It sounds like an achievement, but the downside is that you now need to lodge a US tax return, provided that your income exceeds the income thresholds. It doesn’t mean you have to pay US tax – it just means that you need to lodge a return.
Non-Resident v Resident Alien
An alien is anybody who is not a US citizen. If they hold a Green Card or pass the substantial presence test, they are a resident alien. If they don’t, they are a non-resident alien.
If you are a resident of the US for any portion of the year, you are required to report your income on a worldwide basis.
The US tax year is the calendar year. Australia’s tax year ends on 30 June. So in theory, you need to look at the date of each transaction and allocate it accordingly. But that can be a lot of work, and so in practice there are easier approaches, such as:
If income is evenly spread from year to year, ignore the different tax years and recognise the same income in both returns – US and Australian.
If income is material, use a 50/50 approach. Cut the income in half and recognise half this year and half the previous year.
But these short-cuts have not been approved by the ATO and probably wouldn’t if asked. However, if these short-cuts don’t result in a materially different tax outcome, they will probably get an unofficial nod.
In the US income tax is due on 15th April. Even if you receive an extension to file, you still start paying interest from the 15th of April. If you live overseas, you get an automatic filing extension of another two months to 15 June and you can even apply for an extension to 15 October. But no matter your lodgement due date, you still pay interest from 15 April.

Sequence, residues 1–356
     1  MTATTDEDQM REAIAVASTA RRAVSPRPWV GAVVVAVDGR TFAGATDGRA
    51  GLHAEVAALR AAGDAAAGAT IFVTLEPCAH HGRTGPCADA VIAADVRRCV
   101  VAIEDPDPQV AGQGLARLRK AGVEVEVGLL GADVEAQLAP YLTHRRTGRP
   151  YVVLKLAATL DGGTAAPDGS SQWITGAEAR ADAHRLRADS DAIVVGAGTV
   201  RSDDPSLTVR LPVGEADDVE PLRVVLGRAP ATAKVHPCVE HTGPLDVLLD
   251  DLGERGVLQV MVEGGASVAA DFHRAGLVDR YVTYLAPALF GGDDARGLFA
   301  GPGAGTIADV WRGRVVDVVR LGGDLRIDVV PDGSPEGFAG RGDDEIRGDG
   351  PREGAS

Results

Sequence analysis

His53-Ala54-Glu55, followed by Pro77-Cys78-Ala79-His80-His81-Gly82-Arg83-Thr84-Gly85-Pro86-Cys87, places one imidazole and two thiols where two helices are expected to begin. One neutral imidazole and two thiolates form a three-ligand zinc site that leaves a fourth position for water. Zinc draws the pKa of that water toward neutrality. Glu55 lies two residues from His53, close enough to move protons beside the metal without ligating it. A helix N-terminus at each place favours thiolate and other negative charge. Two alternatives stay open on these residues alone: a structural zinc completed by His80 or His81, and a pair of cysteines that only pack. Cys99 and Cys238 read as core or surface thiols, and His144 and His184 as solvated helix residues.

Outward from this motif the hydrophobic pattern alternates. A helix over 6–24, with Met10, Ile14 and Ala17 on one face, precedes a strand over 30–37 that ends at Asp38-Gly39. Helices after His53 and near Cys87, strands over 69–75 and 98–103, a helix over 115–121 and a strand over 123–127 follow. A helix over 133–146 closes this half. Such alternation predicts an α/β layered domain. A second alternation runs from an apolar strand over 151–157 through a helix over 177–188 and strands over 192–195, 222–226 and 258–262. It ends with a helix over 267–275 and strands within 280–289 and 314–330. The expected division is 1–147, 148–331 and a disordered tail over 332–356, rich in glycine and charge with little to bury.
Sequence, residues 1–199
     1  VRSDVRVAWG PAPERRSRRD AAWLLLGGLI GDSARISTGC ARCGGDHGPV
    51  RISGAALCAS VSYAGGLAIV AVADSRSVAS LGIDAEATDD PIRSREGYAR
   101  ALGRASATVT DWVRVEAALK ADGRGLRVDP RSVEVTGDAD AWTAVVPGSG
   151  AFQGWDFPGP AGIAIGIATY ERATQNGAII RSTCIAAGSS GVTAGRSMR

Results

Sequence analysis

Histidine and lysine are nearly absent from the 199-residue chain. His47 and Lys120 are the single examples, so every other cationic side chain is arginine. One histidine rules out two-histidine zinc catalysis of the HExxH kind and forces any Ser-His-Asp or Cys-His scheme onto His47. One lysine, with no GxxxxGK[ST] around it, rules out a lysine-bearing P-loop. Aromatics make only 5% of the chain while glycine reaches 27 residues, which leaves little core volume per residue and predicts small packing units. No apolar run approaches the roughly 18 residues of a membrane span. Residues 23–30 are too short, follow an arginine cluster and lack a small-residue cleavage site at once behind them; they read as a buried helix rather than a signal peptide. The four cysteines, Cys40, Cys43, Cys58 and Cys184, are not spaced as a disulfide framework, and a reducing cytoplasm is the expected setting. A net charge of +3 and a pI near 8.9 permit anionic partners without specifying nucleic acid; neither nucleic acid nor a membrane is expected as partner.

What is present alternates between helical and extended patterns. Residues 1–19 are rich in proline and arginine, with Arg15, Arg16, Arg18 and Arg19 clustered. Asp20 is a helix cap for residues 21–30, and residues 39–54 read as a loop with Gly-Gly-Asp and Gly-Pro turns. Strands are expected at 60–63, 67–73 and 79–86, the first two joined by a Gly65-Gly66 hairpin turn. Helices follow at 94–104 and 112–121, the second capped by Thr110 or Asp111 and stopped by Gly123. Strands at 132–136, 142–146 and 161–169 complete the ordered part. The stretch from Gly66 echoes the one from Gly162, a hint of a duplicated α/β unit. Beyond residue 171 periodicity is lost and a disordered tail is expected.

All this feels quite harsh when you compare this to our May deadline in Australia when registered with a tax agent.
However, if you are not using a tax agent in Australia then the deadline is the 31st of October which is four months. In the US it is 3.5 months. So it is fairly on par. From a global perspective the Australian concession of an additional 7 months when you have a tax agent is unusual.
To support US Americans working overseas, the US Tax Code offers three concessions. Foreign Tax Credits – Foreign Earned Income Exclusion and – Foreign Housing Concession.
Australia on the other hand only offers one concession to its residents: Foreign Tax Credits.
Foreign Tax Credits
The US only allows foreign tax credits against foreign sourced income, but not US sourced income. So if you have high foreign tax credits coming from Australia, you can only use these if you move to a country with a lower tax rate. UAE, Hong Kong, Singapore and a few South East Asian countries would fit the bill.
Capital Gains and Losses
The US allows up to US$3,000 of capital losses to be recognised against ordinary income. In Australia it is zero.
In the US you can negatively gear to some extent, but it is very limited and subject to income thresholds. In Australia on the other hand there is no cap on negative gearing.
So this is a very brief and fragmented overview of US tax for individuals that Seth covers in this episode. Please listen in as Seth explains all this much better than we do. And please have a look at the next two episodes that look more at the differences between US and Australian tax.
Disclaimer: Tax Talks does not provide financial or tax advice. All information on Tax Talks is of a general nature only and might no longer be up to date or correct. You should seek professional accredited tax and financial advice when considering whether the information is suitable to your or your client’s circumstances.
Last Updated on 29 April 2020